Work From Home, also commonly known as telecommuting, is a fairly general term that encompasses a range of workplace policies. Most generally, it refers to a policy permitting an employee to work from home (or any other approved remote location-the range of acceptable locations will differ depending on the organization’s policies).
Beyond that, Work From Home may or not be restrictive regarding working hours, breaks, equipment used, etc. For example, some Work From Home policies may require that an employee work within the standard corporate-approved workday. Other policies may simply require tasks to be completed when required.
Once a business has determined that it wishes to explore a Work From Home policy, plans need to be put in place to roll out a new workplace telecommuting strategy.
Implementation: Some Considerations
Initial Note: Unless your firm is facing some unexpected risk event that requires you to quickly implement a Work From Home policy, the design and adoption of a policy should be carefully planned with forethought. There are many ways that well-intentioned Work From Home plans can stumble at the outset, setting everyone up for a failure that will be unfairly blamed on Work From Home.
1. Jobs That Can Be Completed
The first step is identifying which jobs are eligible to be completed from home. Some jobs clearly require a full-time presence in the workplace. Others, with some ingenuity, may be able to be partially handled on-site. Other jobs may clearly be eligible. (note: we refer to “jobs” here, not “employees.” There is a difference.)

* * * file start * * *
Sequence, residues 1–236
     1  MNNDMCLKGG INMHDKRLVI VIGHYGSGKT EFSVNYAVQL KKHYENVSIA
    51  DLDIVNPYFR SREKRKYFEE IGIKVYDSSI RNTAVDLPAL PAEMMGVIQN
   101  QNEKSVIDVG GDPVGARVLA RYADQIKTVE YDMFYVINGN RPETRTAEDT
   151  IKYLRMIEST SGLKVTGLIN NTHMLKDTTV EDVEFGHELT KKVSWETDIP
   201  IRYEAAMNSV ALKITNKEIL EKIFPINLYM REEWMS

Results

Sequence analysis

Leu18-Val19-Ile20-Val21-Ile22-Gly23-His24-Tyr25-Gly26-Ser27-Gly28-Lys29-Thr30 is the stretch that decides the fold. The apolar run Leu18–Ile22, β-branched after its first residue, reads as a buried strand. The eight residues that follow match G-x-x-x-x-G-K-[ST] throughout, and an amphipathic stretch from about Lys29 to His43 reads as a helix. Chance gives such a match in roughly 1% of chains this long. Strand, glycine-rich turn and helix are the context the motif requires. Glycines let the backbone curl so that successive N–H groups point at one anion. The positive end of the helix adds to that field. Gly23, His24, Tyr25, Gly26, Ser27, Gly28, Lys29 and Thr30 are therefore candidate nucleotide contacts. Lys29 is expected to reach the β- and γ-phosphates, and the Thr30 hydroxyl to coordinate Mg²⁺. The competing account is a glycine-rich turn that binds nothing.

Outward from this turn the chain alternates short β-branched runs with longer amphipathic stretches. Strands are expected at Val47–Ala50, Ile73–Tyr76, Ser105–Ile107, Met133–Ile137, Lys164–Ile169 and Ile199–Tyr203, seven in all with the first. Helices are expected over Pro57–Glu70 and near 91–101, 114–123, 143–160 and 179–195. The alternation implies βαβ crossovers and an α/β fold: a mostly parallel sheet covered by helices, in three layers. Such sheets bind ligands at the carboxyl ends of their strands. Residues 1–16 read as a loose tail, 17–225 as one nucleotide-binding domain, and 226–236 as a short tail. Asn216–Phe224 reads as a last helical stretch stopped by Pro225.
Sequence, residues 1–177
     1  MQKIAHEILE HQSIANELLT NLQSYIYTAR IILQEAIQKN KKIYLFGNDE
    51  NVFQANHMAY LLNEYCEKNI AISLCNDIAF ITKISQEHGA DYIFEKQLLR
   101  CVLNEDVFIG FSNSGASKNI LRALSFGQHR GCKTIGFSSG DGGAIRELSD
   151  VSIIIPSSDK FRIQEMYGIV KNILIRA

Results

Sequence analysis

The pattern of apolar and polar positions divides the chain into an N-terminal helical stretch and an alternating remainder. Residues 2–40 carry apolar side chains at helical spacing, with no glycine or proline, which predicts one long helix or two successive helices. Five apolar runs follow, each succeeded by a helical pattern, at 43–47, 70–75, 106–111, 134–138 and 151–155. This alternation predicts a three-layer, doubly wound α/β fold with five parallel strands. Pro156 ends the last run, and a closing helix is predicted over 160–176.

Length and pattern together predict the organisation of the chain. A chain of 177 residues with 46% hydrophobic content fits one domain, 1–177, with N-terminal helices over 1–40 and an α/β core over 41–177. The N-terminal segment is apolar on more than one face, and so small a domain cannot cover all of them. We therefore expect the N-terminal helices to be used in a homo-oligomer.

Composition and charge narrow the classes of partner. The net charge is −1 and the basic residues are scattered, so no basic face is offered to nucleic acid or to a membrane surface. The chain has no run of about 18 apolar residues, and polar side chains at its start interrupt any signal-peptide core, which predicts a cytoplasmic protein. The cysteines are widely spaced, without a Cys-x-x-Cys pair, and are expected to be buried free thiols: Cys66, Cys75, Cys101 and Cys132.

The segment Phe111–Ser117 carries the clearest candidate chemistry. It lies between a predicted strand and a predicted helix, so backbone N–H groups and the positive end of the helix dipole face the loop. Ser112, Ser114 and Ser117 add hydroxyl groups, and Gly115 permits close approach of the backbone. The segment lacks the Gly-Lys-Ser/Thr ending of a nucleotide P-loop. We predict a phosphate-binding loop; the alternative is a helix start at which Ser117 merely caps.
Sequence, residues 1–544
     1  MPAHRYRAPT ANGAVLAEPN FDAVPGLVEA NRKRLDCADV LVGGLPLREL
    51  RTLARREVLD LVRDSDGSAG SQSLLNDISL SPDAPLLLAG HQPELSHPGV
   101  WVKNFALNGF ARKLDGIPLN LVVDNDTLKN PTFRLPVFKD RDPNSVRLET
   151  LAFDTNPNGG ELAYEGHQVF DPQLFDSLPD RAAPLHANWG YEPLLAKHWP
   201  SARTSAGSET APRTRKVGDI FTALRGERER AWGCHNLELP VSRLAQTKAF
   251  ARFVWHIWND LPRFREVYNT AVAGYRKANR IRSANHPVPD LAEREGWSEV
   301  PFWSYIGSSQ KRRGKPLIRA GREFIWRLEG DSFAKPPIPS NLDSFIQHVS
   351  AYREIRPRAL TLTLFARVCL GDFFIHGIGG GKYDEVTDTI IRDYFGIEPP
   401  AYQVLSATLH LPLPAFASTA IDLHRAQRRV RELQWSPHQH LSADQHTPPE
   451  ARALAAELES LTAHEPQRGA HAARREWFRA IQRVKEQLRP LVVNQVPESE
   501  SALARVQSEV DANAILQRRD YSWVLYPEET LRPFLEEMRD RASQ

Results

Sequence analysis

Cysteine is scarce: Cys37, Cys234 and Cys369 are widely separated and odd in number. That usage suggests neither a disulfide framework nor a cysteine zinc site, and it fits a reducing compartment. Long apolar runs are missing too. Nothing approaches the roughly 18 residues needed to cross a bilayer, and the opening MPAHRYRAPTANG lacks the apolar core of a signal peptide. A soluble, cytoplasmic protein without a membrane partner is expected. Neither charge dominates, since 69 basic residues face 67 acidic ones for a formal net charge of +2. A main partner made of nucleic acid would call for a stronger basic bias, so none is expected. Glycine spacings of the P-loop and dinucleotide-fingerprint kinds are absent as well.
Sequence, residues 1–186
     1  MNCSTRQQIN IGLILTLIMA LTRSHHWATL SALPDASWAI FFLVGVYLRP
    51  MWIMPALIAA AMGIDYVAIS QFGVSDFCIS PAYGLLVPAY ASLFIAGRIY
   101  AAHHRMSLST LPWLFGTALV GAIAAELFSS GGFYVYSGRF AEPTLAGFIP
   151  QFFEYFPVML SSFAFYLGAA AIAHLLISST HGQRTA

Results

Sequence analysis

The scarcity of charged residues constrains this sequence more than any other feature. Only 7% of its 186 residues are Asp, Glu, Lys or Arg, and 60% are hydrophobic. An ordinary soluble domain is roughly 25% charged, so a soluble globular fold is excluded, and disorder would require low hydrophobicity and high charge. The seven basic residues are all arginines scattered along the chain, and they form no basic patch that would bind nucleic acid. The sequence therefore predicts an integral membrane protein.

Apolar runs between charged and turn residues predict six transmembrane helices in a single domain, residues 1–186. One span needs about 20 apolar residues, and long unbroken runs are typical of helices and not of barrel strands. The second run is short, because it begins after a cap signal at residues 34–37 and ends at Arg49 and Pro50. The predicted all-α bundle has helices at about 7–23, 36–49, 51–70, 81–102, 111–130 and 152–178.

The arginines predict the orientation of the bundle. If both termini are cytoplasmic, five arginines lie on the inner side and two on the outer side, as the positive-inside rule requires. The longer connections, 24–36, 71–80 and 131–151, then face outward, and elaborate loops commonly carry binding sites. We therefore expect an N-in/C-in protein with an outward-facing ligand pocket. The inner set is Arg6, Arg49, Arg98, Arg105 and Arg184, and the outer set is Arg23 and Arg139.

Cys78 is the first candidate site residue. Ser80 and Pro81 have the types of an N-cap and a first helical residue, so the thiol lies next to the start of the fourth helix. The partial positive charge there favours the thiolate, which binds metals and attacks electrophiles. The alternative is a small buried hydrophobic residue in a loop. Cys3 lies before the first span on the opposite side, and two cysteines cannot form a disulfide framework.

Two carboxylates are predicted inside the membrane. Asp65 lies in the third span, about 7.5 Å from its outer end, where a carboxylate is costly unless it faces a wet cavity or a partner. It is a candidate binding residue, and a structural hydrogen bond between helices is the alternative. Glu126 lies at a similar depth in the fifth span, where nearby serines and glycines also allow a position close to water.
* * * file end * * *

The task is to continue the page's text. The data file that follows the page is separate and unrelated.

2. Which employees are eligible
Once it has been determined which jobs are eligible for partial- or full-time Work From Home, then the decision must be made about which employees are the best candidates to successfully adopt Work From Home. For instance, employees may be eligible for Work From Home only after they have completed a probationary or training period. Or longer, if that seems appropriate. A second criterion may be a good performance record. Employees with performance or disciplinary issues may be not eligible for Work From Home.
3. A slow, incremental rollout
Adopting a Work From Home policy may represent a serious shift in company culture, management style, and operational processes. Doing it all at once is likely asking for trouble. Every project needs a beta stage, and Work From Home is no exception. Try adopting it with a few employees from one unit. Then do the same in another area. Then review and identify issues and concerns by talking with all involved.
4. Set Parameters and Expectations: Policies you may wish to consider
Availability window – Will it be necessary for them to be completely available during certain periods? For example, must they conduct their Work From Home within standard working hours, e.g. 9-5. Or will there be a flex-time approach, where availability is only required within a smaller window, e.g. 10-2.
Responsiveness – How responsive must they be to emails, phone calls, text, etc? One of the risks of the modern workplace is the feeling employees have that they must be available 24/7. Because Work From Home may have less structure, this perception may be exacerbated.
It is only about deadlines – just get your work done on time. The rest is up to you.
If the plan is partially or fully repealed, will employees be given sufficient notice to make plans to cover for child care, etc?
In short, this gives you some indication that one simply does not initiate Work From Home by issuing a laptop to everyone. If Work From Home is to succeed, it has to be designed around your company’s goals and unique requirements.
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